My little children,
John uses this phrase and other similar phrases, not to demean his audience but to endear them to himself. He cares for them as a parent cares for children, and he wants them to understand the richness of the gospel of Jesus Christ.
I am writing to these things to you so that you may not sin.
Here we have another purpose statement in John’s epistle. Of course it is different from other purpose statements that we have in the letter, but it is not contradictory. So what is John’s purpose in writing? That his audience might walk in holiness, that they might not sin. This is an important reminder following the previous statements. It would be easy, in our flesh, to take verses 8 and 10 as permission to revel in our sin. 1 John 2:1 reminds us that that would be an inappropriate response. There is a significant difference between being honest about our sin, the goal of John’s statements in verses 8 and 10, and glorying in our sin, the goal of our flesh.
John is reminding us in 2:1 that the Christian should not sin. That the Christian should not sin, seems like an obvious statement; however, it is often met with charges of legalism or reminders that we are not under the law if we are in Christ or some other such self-interested response. Is calling Christians to holiness legalism; is it placing them back under the law? Not necessarily. Legalism is not any call to holiness. Legalism is a call to holiness as defined by the law as the basis of one’s justification. Ephesians 2:8-10 is helpful here. Paul writes, “For by grace you have been saved through faith. And this is not your own doing; it is the gift of God, not a result of works, so that no one may boast. For we are his workmanship created in Christ Jesus for good works, which God prepared beforehand, that we should walk in them.” Notice that Paul connects a gracious justification with a call to holiness. He does this precisely because by God’s grace we have been freed from sin and death. If we automatically assume that any call to holiness is legalism, then we understand neither legalism or the gospel.
Being “under the law” is a Pauline phrase set in contrast to being led by the Spirit or being justified by faith or being adopted as a son of God or some other such idea. “Under the law” indicates that you are not in Christ; therefore, the law still has condemning power. However, a call to holiness does not necessarily mean condemnation by that holy standard. The good news is, in part, that Jesus has fulfilled the holy standard for his people; therefore, it no longer stands over them condemning them at every turn.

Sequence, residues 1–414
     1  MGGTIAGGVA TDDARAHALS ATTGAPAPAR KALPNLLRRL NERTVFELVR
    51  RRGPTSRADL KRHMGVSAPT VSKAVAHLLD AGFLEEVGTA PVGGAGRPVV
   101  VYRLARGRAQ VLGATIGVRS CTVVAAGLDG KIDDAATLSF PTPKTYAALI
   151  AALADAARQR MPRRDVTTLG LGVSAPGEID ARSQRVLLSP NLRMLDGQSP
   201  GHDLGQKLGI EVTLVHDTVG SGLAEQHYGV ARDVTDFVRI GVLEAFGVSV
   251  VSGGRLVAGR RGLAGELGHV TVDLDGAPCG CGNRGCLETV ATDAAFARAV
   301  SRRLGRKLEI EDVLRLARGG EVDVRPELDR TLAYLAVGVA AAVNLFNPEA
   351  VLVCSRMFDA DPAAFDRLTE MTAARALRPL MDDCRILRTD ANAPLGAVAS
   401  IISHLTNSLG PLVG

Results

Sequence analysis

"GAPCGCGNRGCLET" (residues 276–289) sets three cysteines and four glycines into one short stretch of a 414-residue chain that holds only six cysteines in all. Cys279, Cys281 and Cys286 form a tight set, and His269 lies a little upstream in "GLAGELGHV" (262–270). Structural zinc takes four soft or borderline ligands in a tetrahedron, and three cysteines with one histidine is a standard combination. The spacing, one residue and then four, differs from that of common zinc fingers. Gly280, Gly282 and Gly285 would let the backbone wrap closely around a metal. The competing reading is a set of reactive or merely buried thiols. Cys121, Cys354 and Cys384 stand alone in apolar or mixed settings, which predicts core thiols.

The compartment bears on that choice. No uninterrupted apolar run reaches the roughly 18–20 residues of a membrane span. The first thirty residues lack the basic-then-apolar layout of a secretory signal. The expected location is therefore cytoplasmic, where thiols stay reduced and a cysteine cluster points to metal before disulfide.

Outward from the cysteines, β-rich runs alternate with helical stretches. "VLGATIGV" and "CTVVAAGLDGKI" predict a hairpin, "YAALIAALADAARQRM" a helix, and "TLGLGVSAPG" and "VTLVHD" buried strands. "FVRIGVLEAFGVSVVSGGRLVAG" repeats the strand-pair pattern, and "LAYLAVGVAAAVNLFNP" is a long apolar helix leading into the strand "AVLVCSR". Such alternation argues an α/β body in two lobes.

There is therefore now no condemnation for those who are in Christ Jesus. For the law of the Spirit of life has set you free in Christ Jesus from the law of sin and death. For God has done what the law, weakened by the flesh, could not do. By sending his own Son in the likeness of sinful flesh and for sin, he condemned sin in the flesh, in order that the righteous requirement of the law might be fulfilled in us, who walk not according to the flesh but according to the Spirit (Romans 8:1-4, ESV).
If we automatically assume that any call to holiness is placing us back under the law, then we understand neither what it is to be under the law nor the gospel.
So, John call’s his readers to not sin. Christians are not supposed to walk in sin. We are supposed to walk in righteousness before God. We are supposed to love God and love one another and love others. Love of course is the fulfillment of the law. The freedom the Christian experiences is not freedom to do whatever he wants but freedom from the condemnation of the law, freedom from sin and death, and freedom from the tyranny of present day Pharisees who go about condemning people based on their own laws of righteousness. Christians are free to love, truly. Christians are free to love, not with a weak, Hallmark love, but with the love that is the fulfillment of the law, with a love that is set on God and others and not self. When we try to love apart from law, it is always a selfishly motivated love, because we are defining what that love looks like, and our flesh, that is warring in us, will always define love in terms that are most convenient for itself.
John goes on to say, “But if anyone does sin, we have an advocate with the Father, Jesus Christ the righteous.” We’ll dig into those wonderful words next time, but here is a preview.